My father has asked me to look for a poem he wants read at his funeral. The subject is a spouse speaking to their spouse. He does not remember much of the poem, but has heard it at a funeral. A line he can remember, near the end of the poem, is "If you go before me, don't walk too fast"
Any help would be appreciated
This may be the one:
If you should go before me, dear, walk slowly
Down the ways of death, well-worn and wide,
For I would want to overtake you quickly
And seek the joumey's ending by your side.
I would be so forlorn not to descry you
Down some shining highroad when I came,
Walk slowly, dear, and often look behind you
And pause to hear if someone calls your name.
- Adelaide Love
We know not whither the clouds have fled, in the unscarred heavens they leave no wake. The eyes forget the tears they have shed, the soul forgets its sorrow and ache.
Anyone know this one?
Here you go Paul:
What is So Rare As a Day in June
AND what is so rare as a day in June?
Then, if ever, come perfect days;
Then Heaven tries earth if it be in tune,
And over it softly her warm ear lays;
Whether we look, or whether we listen,
We hear life murmur, or see it glisten;
Every clod feels a stir of might,
An instinct within it that reaches and towers,
And, groping blindly above it for light,
Climbs to a soul in grass and flowers;
The flush of life may well be seen
Thrilling back over hills and valleys;
The cowslip startles in meadows green,
The buttercup catches the sun in its chalice,
And there's never a leaf nor a blade too mean
To be some happy creature's palace;
The little bird sits at his door in the sun,
Atilt like a blossom among the leaves,
And lets his illumined being o'errun
With the deluge of summer it receives;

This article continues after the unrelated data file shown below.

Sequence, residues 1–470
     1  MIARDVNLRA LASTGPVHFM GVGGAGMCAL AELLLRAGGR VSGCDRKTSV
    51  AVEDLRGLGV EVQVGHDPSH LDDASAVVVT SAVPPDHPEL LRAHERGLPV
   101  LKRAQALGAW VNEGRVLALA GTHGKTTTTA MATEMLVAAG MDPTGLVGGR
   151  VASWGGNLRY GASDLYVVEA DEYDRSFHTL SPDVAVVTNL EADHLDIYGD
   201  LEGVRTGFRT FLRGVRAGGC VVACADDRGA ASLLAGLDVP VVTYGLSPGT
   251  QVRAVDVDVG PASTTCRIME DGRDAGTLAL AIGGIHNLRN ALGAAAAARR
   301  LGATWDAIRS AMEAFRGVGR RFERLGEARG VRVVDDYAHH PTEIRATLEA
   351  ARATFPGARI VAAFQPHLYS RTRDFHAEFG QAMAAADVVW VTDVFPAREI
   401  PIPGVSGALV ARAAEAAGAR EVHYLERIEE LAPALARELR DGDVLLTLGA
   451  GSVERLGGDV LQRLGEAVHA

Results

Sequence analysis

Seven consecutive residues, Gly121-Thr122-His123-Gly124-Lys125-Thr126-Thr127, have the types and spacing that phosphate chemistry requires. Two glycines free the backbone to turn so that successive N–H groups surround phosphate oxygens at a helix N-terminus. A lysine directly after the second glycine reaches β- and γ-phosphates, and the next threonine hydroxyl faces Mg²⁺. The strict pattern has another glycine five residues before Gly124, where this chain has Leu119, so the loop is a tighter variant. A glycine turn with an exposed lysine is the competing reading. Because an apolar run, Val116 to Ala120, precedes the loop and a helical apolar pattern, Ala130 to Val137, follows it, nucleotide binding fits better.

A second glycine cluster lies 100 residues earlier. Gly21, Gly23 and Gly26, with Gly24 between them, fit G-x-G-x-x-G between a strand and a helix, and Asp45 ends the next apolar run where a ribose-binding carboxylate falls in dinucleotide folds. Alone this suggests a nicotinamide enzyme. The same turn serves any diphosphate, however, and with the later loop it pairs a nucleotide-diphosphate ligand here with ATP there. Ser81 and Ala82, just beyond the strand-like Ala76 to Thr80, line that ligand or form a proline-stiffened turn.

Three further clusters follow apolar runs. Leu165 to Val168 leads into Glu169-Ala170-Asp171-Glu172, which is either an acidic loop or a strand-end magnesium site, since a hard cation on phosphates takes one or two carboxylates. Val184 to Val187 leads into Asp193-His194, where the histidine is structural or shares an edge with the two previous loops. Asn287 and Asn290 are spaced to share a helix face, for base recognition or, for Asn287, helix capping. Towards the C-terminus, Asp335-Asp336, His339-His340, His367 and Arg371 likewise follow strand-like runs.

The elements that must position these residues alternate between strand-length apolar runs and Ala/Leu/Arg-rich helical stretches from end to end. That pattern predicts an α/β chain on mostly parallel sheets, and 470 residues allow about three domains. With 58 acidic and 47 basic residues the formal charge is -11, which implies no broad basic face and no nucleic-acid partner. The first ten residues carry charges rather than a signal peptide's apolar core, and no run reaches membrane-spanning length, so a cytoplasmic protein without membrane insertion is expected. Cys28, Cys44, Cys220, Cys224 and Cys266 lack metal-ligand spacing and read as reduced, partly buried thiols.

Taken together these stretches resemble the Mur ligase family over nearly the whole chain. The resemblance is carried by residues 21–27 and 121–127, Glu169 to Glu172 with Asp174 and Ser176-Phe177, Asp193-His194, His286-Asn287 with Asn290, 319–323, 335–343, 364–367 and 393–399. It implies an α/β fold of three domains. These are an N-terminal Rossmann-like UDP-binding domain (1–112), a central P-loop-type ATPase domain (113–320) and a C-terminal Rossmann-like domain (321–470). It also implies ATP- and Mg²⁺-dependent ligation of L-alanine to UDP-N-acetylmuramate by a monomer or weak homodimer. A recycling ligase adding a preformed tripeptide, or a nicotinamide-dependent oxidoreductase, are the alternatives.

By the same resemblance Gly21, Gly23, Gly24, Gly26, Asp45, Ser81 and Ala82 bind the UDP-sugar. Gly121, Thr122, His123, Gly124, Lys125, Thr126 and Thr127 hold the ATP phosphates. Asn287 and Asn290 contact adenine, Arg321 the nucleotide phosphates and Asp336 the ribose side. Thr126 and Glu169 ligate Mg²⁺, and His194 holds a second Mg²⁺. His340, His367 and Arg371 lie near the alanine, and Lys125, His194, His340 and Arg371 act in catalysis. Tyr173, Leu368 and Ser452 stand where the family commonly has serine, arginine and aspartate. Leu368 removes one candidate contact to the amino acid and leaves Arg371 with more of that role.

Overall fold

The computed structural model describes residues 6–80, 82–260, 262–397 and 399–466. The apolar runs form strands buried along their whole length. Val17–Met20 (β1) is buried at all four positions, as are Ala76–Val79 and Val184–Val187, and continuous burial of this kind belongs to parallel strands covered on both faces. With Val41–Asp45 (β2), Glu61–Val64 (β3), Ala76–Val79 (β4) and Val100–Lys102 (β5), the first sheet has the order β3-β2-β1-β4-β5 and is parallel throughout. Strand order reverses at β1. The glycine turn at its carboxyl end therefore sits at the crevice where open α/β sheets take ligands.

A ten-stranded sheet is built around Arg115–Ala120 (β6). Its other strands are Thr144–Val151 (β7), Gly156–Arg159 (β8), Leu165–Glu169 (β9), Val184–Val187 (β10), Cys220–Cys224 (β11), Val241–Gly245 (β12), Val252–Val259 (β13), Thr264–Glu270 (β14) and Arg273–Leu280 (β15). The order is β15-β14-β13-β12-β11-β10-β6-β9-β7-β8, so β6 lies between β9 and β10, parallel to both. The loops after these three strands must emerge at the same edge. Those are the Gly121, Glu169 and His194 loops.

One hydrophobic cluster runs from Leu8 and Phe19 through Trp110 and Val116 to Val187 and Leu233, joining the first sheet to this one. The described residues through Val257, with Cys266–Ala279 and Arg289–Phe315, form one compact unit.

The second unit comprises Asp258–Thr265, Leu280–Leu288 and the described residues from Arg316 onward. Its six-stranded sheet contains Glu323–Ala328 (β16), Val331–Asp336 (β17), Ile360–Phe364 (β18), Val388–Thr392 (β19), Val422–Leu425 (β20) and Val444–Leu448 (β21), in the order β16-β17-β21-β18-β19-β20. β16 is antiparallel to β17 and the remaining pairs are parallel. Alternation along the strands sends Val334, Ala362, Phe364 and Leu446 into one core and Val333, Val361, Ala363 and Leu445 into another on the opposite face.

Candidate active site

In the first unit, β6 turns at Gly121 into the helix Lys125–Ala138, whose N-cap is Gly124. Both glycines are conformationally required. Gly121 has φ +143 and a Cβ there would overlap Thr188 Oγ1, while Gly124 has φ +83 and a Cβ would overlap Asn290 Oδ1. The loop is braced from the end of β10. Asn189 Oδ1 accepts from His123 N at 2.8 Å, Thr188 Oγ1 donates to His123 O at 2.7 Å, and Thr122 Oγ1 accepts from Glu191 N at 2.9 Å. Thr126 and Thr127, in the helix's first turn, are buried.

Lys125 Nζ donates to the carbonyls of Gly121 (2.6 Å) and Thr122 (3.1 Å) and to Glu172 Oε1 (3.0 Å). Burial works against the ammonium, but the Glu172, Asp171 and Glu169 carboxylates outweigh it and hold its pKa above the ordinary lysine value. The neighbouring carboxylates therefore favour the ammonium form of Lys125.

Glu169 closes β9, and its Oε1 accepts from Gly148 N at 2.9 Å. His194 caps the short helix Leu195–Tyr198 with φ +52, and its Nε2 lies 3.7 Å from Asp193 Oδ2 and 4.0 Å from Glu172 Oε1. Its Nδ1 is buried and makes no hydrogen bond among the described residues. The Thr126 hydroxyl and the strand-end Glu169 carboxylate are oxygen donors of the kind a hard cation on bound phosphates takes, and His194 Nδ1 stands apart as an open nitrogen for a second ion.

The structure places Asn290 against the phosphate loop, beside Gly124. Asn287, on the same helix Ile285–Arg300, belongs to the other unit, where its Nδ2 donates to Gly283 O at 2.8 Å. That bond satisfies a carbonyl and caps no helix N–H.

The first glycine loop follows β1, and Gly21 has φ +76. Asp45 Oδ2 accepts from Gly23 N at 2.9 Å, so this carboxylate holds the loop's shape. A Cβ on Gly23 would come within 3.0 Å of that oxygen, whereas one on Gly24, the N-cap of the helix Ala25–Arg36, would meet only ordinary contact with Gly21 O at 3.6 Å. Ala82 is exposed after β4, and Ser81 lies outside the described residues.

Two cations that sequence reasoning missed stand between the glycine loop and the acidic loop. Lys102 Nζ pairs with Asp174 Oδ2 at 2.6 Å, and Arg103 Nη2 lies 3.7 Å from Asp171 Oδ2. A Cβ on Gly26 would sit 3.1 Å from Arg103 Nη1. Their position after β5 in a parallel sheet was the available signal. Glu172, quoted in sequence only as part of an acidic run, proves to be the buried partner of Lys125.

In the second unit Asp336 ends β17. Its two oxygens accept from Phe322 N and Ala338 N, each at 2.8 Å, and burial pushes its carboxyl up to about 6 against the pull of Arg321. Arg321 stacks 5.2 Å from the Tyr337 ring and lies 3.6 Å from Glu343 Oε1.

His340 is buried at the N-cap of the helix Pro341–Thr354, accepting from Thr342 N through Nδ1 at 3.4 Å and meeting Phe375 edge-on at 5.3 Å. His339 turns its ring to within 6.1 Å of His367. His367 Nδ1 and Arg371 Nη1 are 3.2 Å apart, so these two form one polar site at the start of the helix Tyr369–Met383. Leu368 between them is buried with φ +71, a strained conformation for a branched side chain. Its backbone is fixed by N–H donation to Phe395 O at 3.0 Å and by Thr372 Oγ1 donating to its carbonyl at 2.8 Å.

His mate feels the eggs beneath her wings,
And the heart in her dumb breast flutters and sings;
He sings to the wide world, and she to her nest,
In the nice ear of Nature which song is the best?
Now is the high-tide of the year,
And whatever of life hath ebbed away
Comes flooding back with a ripply cheer,
Into every bare inlet and creek and bay;
Now the heart is so full that a drop overfills it,
We are happy now because God wills it;
No matter how barren the past may have been,
'Tis enough for us now that the leaves are green;
We sit in the warm shade and feel right well
How the sap creeps up and the blossoms swell;
We may shut our eyes but we cannot help knowing
That skies are clear and grass is growing;
The breeze comes whispering in our ear,
That dandelions are blossoming near,
That maize has sprouted, that streams are flowing,
That the river is bluer than the sky,
That the robin is plastering his house hard by;
And if the breeze kept the good news back,
For our couriers we should not lack;
We could guess it all by yon heifer's lowing,
And hark! How clear bold chanticleer,
Warmed with the new wine of the year,
Tells all in his lusty crowing!
Joy comes, grief goes, we know not how;
Everything is happy now,
Everything is upward striving;
'Tis as easy now for the heart to be true
As for grass to be green or skies to be blue,
'Tis for the natural way of living:
Who knows whither the clouds have fled?
In the unscarred heaven they leave not wake,
And the eyes forget the tears they have shed,
The heart forgets its sorrow and ache;
The soul partakes the season's youth,
And the sulphurous rifts of passion and woe
Lie deep 'neath a silence pure and smooth,
Like burnt-out craters healed with snow.
James Russell Lowell
Thank you for posting this wonderful poem. My grandmother always recited this poem to me on my birthday and I have been trying to locate it for years.